Rosh Hashanah

Rosh Hashanah (Hebrew: ‫ראשהשנה‎, literally “head [of] the year”) is the JewishNew Year. The Biblical name for this holiday is called Yom Teruah (Hebrew: ‫יוםתרועה‎, literally “day [of] shouting/raising a noise”) or the Feast of Trump according to the correct biblical calendar of the 1st and 2nd temple period, not Rosh Hashanah. It is the first of the High Holy Days or Yamim Nora’im (“Days of Awe”) which usually occur in the early autumn of the Northern Hemisphere. Rosh Hashanah is a two-day celebration, which begins on the first day of Tishrei. The day is believed to be the anniversary of the creation of Adam and Eve, the first man and woman, and their first actions toward the realization of humanity’s role in God‘s world. Rosh Hashanah customs include sounding the shofar (a hollowed-out ram’s horn) and eating symbolic foods such as apples dipped in honey to evoke a “sweet new year”.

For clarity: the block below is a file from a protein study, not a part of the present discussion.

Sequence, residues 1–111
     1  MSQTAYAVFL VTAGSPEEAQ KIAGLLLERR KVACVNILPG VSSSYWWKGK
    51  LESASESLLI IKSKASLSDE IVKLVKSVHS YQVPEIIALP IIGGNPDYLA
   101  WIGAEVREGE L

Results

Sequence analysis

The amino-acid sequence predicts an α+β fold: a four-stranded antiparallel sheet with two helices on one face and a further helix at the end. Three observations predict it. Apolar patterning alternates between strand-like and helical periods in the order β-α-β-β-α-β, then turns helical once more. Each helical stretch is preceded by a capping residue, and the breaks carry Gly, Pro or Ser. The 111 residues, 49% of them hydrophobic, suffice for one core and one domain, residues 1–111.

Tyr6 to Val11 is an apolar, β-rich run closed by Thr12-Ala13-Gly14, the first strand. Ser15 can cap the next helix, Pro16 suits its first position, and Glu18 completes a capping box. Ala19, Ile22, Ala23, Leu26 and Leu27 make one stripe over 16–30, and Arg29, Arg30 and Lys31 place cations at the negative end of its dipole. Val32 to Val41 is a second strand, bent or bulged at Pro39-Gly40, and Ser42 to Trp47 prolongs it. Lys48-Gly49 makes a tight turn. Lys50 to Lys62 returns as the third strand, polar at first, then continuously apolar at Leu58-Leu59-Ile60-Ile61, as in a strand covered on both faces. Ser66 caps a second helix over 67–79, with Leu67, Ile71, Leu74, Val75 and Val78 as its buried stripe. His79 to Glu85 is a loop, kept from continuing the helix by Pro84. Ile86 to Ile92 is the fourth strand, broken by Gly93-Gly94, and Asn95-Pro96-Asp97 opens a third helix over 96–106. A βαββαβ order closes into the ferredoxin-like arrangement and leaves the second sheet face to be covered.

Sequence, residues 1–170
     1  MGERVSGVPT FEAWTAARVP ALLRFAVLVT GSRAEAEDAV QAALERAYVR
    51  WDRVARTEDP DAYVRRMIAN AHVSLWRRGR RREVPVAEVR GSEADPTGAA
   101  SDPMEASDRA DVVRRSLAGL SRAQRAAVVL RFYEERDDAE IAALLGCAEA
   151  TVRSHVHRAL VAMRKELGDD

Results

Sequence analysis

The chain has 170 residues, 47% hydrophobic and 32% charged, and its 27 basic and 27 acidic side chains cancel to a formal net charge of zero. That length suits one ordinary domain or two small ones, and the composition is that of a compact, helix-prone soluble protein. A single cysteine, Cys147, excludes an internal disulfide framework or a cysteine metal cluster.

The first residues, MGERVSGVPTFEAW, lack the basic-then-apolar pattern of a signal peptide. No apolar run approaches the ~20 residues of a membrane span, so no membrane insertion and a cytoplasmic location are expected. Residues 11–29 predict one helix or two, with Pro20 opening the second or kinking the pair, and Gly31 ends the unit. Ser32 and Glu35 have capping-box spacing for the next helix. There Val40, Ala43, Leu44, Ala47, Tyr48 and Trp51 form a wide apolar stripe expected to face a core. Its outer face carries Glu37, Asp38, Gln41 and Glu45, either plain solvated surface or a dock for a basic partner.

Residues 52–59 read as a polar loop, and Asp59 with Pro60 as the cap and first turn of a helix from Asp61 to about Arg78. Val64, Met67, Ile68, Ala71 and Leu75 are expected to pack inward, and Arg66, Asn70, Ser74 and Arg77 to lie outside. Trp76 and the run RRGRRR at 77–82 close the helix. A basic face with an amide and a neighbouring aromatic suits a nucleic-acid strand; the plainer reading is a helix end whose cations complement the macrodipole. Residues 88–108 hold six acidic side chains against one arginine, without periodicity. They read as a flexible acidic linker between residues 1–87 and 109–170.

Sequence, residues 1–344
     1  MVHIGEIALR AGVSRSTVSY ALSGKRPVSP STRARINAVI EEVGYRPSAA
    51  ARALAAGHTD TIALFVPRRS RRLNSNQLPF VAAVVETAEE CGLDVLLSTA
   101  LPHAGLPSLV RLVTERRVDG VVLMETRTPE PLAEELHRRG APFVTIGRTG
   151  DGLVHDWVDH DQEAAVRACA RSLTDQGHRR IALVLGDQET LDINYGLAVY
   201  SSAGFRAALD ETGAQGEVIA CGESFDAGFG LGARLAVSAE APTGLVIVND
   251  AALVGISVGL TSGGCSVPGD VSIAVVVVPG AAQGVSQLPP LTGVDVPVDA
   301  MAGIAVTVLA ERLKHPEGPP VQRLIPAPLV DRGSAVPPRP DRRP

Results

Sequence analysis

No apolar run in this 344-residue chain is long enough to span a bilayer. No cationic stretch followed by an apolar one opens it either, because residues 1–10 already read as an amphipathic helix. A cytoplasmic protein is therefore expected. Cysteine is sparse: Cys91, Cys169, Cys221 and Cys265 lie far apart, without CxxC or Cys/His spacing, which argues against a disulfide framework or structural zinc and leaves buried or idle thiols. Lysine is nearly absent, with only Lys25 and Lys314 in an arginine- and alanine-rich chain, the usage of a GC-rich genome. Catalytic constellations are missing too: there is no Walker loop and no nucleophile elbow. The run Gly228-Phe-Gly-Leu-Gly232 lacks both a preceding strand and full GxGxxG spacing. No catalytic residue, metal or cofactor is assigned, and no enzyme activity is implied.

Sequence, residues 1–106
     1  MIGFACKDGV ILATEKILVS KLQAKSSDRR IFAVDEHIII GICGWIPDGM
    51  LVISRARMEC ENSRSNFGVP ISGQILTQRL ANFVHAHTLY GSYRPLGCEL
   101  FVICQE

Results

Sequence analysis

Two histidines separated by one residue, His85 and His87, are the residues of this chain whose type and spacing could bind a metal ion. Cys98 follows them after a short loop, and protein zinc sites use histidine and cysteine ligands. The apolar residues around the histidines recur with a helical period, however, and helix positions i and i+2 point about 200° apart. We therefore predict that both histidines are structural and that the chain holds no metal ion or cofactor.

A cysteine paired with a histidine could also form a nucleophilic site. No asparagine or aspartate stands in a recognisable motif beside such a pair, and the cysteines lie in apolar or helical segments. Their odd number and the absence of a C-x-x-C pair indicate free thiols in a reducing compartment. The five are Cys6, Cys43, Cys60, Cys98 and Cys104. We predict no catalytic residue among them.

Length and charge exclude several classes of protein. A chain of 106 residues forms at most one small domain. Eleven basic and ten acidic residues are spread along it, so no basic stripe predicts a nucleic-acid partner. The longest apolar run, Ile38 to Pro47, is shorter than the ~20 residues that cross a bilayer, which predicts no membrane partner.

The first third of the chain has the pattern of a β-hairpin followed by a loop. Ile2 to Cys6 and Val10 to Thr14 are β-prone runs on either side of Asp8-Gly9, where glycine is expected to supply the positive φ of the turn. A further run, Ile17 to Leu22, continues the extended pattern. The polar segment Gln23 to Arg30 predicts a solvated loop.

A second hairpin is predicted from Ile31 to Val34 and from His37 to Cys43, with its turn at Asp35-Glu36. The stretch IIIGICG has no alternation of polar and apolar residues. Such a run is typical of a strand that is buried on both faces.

Enjoy this acrostic poem about Rosh Hashanah from


Return Each Year to Test the Ancient Waters:


 Return each year to test the ancient waters,

Opening the unaccustomed heart.

So may you retain a Jewish soul,

Having given it its yearly outing.

Here your parents meet your sons and daughters,

A junction wrought by well-established art,

Severing the spirit from the role,

Holding in its golden words your routing.

All you’re left with is what really matters,

Needing, to be whole, to be a part,

At least this once a year a Jew of old,

Holy in this place despite your doubting.


Reflection: Re-read the poem. Notice what word or line stands out for you. Write it down below this sentence.

Carry it with you this day, and pause 3-5 times to speak it aloud. At the end of the day journal about this experience.


L’Shanah Tovah Tikatevu  (May you be inscribed (in the Book of Life) for a good year)



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